• Privacy violations may run rampant. Machine learning transparency may make it possible for unauthorized third parties to ascertain whether a particular individual’s data record was in a model’s training data set. This adversarial tactic, known as a “membership inference attack,” may enable hackers to unlock considerable amounts of privacy-sensitive data.

To mitigate the technical risks of algorithmic transparency, enterprise data professionals should explore the following strategies:

  • Control access to model outputs and monitor when access privileges are being abused, thereby detecting adversarial attacks on transparent machine learning models before they can emerge into full-blown threats.
  • Add controlled amounts of randomized noise—aka “perturbations”—into the data used to train transparent machine learning models, thereby making it more difficult for adversarial hackers to use post-hoc explanations or model manipulations to gain insight into the original raw data itself.
  • Insert intermediary layers between the raw data and the final transparent machine learning models, such as by training final models from “student” or “federated” models that were themselves trained by distinct segments of the source data. This makes it more difficult for an unauthorized third party to recover the full training data from post-hoc explanations that were generated against final models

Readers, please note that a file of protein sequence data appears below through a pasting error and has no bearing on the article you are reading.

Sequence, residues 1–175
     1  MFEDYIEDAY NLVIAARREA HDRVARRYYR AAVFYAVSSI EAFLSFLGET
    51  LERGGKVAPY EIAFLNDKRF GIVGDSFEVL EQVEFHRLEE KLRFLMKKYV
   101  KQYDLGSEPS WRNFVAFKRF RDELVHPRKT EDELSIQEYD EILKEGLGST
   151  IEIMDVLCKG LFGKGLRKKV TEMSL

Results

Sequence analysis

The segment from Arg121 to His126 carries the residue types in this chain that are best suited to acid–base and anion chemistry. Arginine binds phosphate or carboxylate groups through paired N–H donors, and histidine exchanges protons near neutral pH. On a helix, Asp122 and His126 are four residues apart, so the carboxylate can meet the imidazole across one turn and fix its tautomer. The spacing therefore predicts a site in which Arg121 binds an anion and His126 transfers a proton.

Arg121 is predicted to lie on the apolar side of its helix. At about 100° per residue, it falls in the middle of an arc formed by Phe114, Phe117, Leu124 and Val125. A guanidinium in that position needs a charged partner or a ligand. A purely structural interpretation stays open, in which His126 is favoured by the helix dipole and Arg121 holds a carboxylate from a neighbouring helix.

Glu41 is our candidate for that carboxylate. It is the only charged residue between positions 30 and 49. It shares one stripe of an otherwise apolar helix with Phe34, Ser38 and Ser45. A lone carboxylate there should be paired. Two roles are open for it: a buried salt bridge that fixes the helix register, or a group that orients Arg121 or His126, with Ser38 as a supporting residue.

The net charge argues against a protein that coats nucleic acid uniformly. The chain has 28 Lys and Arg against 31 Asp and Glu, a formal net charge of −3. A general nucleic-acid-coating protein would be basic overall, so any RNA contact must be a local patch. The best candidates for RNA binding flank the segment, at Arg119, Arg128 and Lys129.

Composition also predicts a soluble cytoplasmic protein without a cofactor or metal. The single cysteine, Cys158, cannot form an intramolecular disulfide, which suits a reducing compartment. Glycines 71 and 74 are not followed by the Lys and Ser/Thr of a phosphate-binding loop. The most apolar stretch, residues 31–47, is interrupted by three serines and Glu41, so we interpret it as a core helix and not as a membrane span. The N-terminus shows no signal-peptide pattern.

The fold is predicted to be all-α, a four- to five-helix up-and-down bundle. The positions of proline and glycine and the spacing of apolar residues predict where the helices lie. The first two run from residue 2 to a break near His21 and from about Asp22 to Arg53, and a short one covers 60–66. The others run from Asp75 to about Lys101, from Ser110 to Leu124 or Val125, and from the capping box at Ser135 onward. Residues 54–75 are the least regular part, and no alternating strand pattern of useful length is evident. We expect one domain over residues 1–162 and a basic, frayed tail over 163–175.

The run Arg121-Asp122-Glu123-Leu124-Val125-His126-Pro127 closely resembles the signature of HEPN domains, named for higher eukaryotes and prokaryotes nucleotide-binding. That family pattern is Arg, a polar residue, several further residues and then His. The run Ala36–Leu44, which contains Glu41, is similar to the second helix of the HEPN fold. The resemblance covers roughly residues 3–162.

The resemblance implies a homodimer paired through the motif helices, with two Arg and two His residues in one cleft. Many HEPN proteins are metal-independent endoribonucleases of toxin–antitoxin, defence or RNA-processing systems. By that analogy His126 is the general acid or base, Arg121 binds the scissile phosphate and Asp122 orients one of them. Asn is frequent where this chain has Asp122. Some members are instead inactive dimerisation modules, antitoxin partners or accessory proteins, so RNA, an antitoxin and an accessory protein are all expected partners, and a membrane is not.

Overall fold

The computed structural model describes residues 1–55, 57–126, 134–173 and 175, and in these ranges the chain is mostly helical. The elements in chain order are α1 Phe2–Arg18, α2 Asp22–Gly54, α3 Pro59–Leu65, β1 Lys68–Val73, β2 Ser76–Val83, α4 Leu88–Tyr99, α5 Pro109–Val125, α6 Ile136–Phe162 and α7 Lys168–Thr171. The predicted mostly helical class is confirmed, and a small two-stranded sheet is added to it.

In addition to these risks of a technical nature, enterprises that disclose fully how their machine learning models were built and trained may expose themselves to more lawsuits and regulatory scrutiny. Without sacrificing machine learning transparency, mitigating these broader business risks will require a data science devops practice under which post-hoc algorithmic explanations are automatically generated.

Just as important, enterprises will need to continually monitor these explanations for anomalies, such as evidence that they, or the models which they purportedly describe, have been hacked. This is a critical concern, because trust in the entire AI edifice will come tumbling down if the enterprises that build and train machine learning models can’t vouch for the transparency of the models’ official documentation.

Futurum Research provides industry research and analysis. These columns are for educational purposes only and should not be considered in any way investment advice.

The original version of this article was first published on InfoWorld.

Author Information

James has held analyst and consulting positions at SiliconANGLE/Wikibon, Forrester Research, Current Analysis and the Burton Group. He is an industry veteran, having held marketing and product management positions at IBM, Exostar, and LCC. He is a widely published business technology author, has published several books on enterprise technology, and contributes regularly to InformationWeek, InfoWorld, Datanami, Dataversity, and other publications.